Focus On Net Proceeds To Seller To Save Money Selling A Home

When it comes time to sell your home, will you focus more on the final sales price you hope to attain, or will you be more concerned with the bottom line (net proceeds to seller)?

To me, it's a question with an obvious, simple answer.

But my experience working with both homebuyers and sellers has taught me that this is where the typical homeowner ends up leaving a few thousand dollars on the table.

Sales Price Versus Net Proceeds To Seller

Net Proceeds To SellerWhether you want to buy a home or sell a home, I encourage you to first identify your priorities. Often times, money is near the top of the list. But so too is time, convenience, and other things that are important outside of the simple characteristics of a property.

For most people getting ready to sell a home, money will be very important. But my experience has shown me that they are out of focus on what should be critical to them during the sale.

Here's an example conversation that occurs often with home sellers:

Me: What would you like to get for your home?

Home Seller: I'd like to ask $300,000.

Me: What will that net you?

Home Seller: What do you mean?

Me: I am referring to "walk away money." How much will you walk away with if you sell your home for $300,000.

Home Seller: I'm not sure.

Me: Is the amount of money you walk away with important?

Home Seller: Absolutely.

Me: So you really do not care as much about the final sales price of your home, except you want it to be an amount that maximizes the amount of money you walk away with, correct?

Home Seller: Yes.

And that is truly how it goes with most new home sellers. They should (and do) care less about what the home sells for and more about what they get. But this conversation is not happening when many sellers are talking to other agents.

How do I know? Because this works as part of our smart buyer's strategy. We know that most sellers are so entrenched in gaining their sales price that they are willing to concede on other important points in the sales contract.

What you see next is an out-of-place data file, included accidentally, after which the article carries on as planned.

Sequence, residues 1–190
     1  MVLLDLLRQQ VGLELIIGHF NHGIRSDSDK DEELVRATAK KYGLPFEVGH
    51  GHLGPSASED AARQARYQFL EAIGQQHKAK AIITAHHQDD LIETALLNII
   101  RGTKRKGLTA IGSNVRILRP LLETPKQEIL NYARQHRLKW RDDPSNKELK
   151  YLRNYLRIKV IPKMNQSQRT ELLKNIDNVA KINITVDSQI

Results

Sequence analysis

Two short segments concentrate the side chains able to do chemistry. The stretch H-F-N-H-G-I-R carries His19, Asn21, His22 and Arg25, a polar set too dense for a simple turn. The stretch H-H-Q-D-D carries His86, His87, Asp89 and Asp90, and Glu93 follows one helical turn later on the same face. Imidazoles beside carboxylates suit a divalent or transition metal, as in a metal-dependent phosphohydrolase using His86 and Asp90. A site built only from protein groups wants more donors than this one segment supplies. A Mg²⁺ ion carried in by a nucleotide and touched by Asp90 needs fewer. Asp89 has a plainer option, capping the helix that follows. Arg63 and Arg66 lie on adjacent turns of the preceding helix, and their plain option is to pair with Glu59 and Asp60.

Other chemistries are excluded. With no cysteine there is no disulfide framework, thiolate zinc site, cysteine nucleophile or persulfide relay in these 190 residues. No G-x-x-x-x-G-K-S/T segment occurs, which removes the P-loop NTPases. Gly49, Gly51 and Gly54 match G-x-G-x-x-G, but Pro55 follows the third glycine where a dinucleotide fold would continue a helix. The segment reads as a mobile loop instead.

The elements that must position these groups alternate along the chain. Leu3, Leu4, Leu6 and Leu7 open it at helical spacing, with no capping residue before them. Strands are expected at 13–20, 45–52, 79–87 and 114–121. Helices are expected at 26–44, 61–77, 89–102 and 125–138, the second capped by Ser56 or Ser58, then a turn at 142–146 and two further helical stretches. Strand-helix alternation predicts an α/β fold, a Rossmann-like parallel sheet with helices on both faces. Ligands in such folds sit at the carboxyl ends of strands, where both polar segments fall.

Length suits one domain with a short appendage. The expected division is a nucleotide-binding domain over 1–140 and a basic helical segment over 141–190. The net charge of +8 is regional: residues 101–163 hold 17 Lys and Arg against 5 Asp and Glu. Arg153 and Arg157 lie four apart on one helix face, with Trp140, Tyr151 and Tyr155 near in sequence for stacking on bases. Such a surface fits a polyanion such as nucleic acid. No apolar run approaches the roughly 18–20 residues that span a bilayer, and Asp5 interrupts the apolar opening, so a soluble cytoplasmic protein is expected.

I think it must be an ego thing. Once a seller identifies their asking price, they would pay money to attain it. That is not logical, but I see it happen all the time.


Realtor waiting for sale should not be your listing agentDid you know that more than 30% of home sellers fail with their first listing agent?

That's right, they end up waiting and hoping for a lone buyer to come in and offer anything for the home when they instead should be seeing multiple buyers competing for their home.

Sell your home fast and for top dollar, we'll show you how!

Why Home Sellers Leave Money On The Table

Homebuyers working with highly skilled real estate buyer's agents end up prying money away from home sellers from within the purchase agreement (sales contract).

Home sellers leave money on the table because their ego takes over and they fight (at all costs) to get their asking price. They end up paying for things that should be negotiable, but they end up happy because they got their price.

And as innocent as this sounds, they truly get less money at closing.

So what is the morale of this story?

When you are interviewing agents for the job of selling a home, pay close attention to see if they try to steer you towards an asking price, or instead if they want to help you understand your bottom line.

If the former is true, keep interviewing more agents. If the latter is true, then perhaps this is the agent that will help you maximize net proceeds to seller at closing.

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